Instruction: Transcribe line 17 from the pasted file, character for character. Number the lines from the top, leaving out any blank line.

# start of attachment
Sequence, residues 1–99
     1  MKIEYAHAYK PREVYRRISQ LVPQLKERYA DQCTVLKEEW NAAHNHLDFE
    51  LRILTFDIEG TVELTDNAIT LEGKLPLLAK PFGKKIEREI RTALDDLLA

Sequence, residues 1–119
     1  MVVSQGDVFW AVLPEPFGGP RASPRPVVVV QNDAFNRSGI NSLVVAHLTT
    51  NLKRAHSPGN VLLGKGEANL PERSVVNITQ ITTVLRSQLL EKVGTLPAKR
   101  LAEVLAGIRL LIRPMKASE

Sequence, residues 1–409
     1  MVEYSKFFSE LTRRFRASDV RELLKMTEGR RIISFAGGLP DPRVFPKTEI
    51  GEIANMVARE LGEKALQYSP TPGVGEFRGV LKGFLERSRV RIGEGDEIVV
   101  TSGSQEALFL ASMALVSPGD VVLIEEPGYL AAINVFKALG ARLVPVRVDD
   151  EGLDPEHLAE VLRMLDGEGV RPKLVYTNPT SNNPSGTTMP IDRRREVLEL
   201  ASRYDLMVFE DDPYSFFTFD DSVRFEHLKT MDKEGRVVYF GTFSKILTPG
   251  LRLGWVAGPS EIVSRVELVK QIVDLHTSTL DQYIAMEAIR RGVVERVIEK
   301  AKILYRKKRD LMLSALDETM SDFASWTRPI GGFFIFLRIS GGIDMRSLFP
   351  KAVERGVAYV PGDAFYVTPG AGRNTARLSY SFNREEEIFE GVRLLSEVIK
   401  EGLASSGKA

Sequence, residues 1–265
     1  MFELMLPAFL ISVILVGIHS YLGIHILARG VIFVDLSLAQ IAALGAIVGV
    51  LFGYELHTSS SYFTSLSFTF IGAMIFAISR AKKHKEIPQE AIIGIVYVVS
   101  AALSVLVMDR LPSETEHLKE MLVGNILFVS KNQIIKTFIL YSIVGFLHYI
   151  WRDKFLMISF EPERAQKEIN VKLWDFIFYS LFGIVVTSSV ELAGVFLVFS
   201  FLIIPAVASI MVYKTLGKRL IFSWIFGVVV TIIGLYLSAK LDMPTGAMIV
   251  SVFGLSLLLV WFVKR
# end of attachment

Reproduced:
   401  EGLASSGKA